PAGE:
Return to Innocence

Last week during class I “threatened” to make a playlist of boyband songs and create a silly sequence so we can all forget for a moment to be so damn grown up. Because sometimes — and very often these days — grownups don’t display much more maturity than bratty two year olds fighting and screaming and whining over made up problems.

It was supposed to be a joke but I just couldn’t resist pulling it off yesterday. The more serious the world gets, the more seriously will I try to lighten up my own life and hopefully inspire others to do the same. Why? Because, as Albert Camus said: “Every act of rebellion expresses a nostalgia for innocence and an appeal to the essence of being.” Which means, every time we grownups throw tantrums, it’s actually an unconscious wish to be free of all the opinions, judgments and the harsh right-and-wrongs we impose on ourselves and others, keeping us so far from the essence of being that we have no idea what in the world essence of being even means.

Can you remember how you felt before your good opinions were formed? Before you were so conditioned by the state of mass unconsciousness and fear? If you can’t remember, maybe imagine how it would feel to be so free of all, or at least most, of the judgments you hold about yourself, other people and the world. Oh, I can hear your response already: “But who would I be without all my opinions and judgments?!” You worry you would somehow spontaneously combust, but I promise you that whatever vanishes, will not be you but all the things you mistake yourself to be.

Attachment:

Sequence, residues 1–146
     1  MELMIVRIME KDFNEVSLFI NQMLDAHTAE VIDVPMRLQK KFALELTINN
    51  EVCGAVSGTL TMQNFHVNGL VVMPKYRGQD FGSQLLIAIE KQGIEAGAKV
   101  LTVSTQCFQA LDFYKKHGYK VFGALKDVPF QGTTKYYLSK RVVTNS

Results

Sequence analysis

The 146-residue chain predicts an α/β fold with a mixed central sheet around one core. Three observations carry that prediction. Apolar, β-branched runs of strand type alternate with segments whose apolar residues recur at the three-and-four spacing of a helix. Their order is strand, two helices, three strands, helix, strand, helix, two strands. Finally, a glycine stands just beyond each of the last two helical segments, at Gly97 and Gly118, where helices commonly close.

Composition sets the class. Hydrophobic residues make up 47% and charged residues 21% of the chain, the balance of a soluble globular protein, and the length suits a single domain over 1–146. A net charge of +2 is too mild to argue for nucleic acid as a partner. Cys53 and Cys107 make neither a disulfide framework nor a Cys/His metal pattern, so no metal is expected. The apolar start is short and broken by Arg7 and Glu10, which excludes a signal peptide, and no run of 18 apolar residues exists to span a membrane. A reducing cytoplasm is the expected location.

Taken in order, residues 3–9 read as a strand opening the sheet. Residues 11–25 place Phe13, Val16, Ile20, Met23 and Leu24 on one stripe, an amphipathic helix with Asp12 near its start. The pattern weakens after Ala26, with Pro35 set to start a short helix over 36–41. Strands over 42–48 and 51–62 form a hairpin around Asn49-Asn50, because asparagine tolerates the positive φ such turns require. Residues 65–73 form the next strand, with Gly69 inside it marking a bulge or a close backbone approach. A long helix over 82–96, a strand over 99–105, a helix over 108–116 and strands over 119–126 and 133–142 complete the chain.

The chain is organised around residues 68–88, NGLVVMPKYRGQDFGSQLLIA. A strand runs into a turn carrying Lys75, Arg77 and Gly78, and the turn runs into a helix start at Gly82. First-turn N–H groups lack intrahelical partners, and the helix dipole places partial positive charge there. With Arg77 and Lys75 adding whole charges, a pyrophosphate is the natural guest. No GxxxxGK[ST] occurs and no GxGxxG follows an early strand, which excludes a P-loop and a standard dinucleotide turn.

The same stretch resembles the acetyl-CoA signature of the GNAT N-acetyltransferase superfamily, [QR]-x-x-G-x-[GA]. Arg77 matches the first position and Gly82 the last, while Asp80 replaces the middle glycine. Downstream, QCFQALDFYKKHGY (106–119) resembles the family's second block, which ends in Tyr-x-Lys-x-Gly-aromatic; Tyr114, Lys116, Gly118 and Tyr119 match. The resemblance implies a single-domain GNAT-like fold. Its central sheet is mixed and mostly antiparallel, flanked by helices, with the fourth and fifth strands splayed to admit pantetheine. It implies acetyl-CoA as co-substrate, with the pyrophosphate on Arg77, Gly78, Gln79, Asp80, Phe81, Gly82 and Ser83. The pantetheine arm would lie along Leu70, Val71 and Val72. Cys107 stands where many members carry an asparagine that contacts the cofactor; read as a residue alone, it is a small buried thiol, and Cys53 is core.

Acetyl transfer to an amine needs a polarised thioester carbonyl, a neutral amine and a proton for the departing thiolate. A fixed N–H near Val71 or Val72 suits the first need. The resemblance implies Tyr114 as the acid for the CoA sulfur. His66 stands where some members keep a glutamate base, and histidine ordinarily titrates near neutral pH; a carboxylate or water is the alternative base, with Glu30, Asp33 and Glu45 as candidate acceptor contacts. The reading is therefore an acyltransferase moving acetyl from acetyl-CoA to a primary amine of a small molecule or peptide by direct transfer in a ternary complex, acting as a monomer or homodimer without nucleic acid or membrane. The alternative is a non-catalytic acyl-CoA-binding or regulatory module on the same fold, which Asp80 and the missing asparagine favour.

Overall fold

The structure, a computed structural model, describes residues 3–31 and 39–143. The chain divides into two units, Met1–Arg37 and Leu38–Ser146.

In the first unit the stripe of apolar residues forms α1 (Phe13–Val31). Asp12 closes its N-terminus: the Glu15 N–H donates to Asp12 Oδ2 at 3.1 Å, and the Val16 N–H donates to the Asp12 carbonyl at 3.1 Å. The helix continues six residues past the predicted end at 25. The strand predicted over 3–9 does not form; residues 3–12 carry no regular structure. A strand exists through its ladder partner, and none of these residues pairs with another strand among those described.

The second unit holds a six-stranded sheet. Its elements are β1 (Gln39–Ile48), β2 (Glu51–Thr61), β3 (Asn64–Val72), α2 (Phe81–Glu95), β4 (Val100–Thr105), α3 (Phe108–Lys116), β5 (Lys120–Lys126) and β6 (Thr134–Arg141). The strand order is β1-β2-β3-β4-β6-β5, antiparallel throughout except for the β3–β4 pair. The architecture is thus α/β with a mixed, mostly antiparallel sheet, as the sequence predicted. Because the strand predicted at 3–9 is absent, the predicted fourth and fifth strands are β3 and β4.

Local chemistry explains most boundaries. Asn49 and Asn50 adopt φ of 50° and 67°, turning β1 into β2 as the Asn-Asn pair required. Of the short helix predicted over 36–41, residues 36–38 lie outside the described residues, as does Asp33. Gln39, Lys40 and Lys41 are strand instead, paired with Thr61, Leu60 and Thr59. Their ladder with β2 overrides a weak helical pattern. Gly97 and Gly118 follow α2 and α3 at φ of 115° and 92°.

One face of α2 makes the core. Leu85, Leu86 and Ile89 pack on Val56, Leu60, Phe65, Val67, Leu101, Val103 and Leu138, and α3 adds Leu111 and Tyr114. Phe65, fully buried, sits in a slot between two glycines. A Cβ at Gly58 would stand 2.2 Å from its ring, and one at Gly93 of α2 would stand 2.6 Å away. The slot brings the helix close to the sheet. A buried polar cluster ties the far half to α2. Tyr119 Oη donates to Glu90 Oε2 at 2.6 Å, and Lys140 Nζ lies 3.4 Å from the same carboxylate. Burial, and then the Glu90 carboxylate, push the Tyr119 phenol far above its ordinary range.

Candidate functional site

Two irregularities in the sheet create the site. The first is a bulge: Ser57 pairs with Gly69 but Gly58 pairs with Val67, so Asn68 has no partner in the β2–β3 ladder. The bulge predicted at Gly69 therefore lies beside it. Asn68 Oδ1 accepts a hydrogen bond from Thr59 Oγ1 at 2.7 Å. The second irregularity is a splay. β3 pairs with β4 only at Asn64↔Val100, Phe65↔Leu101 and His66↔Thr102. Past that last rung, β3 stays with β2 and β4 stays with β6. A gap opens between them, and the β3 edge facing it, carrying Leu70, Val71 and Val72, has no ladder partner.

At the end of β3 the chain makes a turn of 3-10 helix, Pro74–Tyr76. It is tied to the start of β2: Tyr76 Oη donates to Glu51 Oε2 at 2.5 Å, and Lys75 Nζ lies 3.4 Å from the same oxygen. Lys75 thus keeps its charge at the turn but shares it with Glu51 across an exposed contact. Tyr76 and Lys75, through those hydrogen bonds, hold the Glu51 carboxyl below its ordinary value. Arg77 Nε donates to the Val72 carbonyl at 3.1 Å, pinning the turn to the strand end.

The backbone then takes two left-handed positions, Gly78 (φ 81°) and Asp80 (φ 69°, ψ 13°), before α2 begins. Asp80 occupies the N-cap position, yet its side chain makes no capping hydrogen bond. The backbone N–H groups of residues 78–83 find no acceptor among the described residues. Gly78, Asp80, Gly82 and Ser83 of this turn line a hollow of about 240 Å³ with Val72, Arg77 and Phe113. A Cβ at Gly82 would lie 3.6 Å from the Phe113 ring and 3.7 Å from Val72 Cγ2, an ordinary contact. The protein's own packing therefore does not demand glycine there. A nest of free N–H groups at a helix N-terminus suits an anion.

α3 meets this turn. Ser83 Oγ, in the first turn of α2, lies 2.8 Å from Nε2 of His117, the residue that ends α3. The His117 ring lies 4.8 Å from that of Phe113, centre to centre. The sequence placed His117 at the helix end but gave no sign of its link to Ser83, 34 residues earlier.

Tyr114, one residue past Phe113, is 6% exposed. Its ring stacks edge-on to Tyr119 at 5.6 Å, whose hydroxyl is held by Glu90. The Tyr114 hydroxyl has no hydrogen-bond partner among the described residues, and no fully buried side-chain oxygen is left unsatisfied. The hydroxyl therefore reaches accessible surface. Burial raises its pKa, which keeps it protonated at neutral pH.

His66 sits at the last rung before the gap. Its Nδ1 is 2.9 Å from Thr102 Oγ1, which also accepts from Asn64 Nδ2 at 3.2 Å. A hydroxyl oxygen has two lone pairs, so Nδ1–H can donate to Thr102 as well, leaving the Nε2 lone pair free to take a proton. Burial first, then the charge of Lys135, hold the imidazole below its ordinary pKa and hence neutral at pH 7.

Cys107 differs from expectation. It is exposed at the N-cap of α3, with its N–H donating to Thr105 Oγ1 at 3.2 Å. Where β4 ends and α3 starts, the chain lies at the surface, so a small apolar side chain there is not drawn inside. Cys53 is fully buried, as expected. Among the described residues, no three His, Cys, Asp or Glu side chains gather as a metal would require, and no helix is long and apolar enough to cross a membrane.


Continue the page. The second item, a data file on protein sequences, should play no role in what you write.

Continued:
Once freed from the things you are not and never were — all the things that ate up most of your energy day by day — you’ll find yourself back in your natural state of innocence. You’ll suddenly look at the same world with completely new eyes. And that’s what we all are yearning for, whether we realize it or not: to be able to see beauty and goodness and grace when we open our eyes.

To return to innocence doesn’t mean to walk through life brainless or passive or stupidly naive. And it doesn’t mean to act childish either. It simply means toning down our familiar adult attitude of seeing the world as evil and as a problem. How can children (before they get fully conditioned, that is) get so excited and be completely filled with joy over the simplest of things? And how come as adults, we demand that the world be as we need it to be before we can put a smile on our face, giggle, sing and be silly and happy for no reason?

Maybe reaching maturity, or fully growing up, means coming back to our original state of innocence. We’ve been walking and running and elbowing one another on the way to the imaginary finish line, not realizing we’ve been heading in the wrong direction. Rather than accumulating more mind knowledge, let some of that cerebral stuff just go by shifting your awareness from the head to the heart. Innocence lives in the heart.

And what does that have to do with boybands?! Not much. Except boybands are just cute. Not the cool kind of cute, but the innocent kind of cute; that’s the idea, at least. I wonder whether most of us want to throw up when we hear boybands sing because we’d do anything to push away that pre-adult innocence because we’re all grown up and don’t have time for cute and silly things anymore. And how’s that serious adult attitude working for us?

“A man of reason? A disinterested philosopher? I’d rather be a puppy wagging its tail.” Thank you, Marty Rubin; perfectly said.

Leave a Reply

Your email address will not be published. Required fields are marked *